Take sharper shots

    | Photography Tutorials | 10/07/2009 14:26pm
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    Soft images are the result of poor focusing and camera shake. Follow our four simple steps for pin-sharp perfection

    Great shots with superb composition and perfect metering can be easily totally ruined by a lack of sharpness. Fortunately, making sure that your shots are consistently sharp is relatively easy if you follow a few simple rules…

    Great shots with superb composition and perfect metering can be easily totally ruined by a lack of sharpness.

    Fortunately, making sure that your shots are consistently sharp is relatively easy if you follow a few simple rules. Use our simple four-step guide and you’ll be a real sharp shooter and you need never bin another blurry shot…

    1. Use a tripod whenever possible

    Our number one rule is to always use a tripod if you think youre going to be shooting at shutter speeds lower than your lens focal length (so / 25 sec for a 00mm lens). Yes its a bit of a hassle but its worth it. Dont raise the centre column, or your tripod will effectively turn into a less stable monopod.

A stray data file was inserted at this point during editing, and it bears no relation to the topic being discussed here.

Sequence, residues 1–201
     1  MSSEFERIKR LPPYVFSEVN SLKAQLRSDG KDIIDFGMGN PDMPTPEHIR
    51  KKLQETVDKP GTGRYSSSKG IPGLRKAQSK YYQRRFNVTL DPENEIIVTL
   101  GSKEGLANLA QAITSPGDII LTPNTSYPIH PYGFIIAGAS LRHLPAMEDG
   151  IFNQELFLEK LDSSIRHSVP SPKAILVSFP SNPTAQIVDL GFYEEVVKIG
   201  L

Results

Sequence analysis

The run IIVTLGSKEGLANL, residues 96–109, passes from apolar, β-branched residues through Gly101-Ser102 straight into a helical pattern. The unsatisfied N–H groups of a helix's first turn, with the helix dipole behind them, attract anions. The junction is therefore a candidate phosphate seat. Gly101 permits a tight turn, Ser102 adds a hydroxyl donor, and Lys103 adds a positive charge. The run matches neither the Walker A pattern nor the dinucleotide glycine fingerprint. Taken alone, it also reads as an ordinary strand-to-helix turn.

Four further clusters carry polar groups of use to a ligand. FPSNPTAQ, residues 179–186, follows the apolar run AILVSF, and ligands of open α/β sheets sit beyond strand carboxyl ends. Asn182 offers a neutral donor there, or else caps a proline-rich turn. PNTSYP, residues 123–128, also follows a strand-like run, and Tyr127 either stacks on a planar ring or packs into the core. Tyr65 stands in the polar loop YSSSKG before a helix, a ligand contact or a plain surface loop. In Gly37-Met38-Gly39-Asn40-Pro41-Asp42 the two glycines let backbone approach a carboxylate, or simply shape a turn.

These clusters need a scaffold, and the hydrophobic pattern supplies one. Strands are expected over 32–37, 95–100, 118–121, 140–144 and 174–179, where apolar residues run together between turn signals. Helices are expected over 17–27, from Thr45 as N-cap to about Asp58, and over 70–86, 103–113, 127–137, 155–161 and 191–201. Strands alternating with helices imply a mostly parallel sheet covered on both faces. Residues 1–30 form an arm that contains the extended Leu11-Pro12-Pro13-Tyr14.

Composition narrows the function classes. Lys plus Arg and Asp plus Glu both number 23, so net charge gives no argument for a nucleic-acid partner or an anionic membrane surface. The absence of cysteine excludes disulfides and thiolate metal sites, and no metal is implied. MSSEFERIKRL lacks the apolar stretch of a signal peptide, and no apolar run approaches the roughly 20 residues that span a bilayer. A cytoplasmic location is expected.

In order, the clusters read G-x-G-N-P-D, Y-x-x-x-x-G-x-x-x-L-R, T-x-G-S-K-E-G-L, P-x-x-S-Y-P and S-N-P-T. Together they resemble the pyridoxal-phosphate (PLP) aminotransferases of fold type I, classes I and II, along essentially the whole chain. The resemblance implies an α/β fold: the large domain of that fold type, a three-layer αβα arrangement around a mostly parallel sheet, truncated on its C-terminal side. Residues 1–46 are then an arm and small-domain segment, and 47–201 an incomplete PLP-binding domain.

2. Shutter speed is essential

    Selecting the correct shutter speed and aperture combination is vital. Use Shutter Priority mode and start with a minimum shutter speed of around / 25 second. If its still too dark, bump up the cameras ISO setting so you can stick to a faster range of shutter speeds. If your camera has a mirror lock setting, then switch that on too.

    3. Brace it!

    If its not possible to use a tripod, look for a natural camera rest instead. Brace yourself against a pillar, tree or wall and tuck your arms into your chest while controlling your breathing. Make sure you press the shutter in a smooth movement – dont jab it.

    4. Stabilisation

    If your camera has image-stabilisation feature then switch it on. Stabilisation means you can shoot at slower shutter speeds while reducing the risk of camera shake. Remember, though, image stabilisation wont reduce any blur caused by people moving in the shot.


    Posted on Friday, July 10th, 2009 at 2:26 pm under Photography Tutorials.

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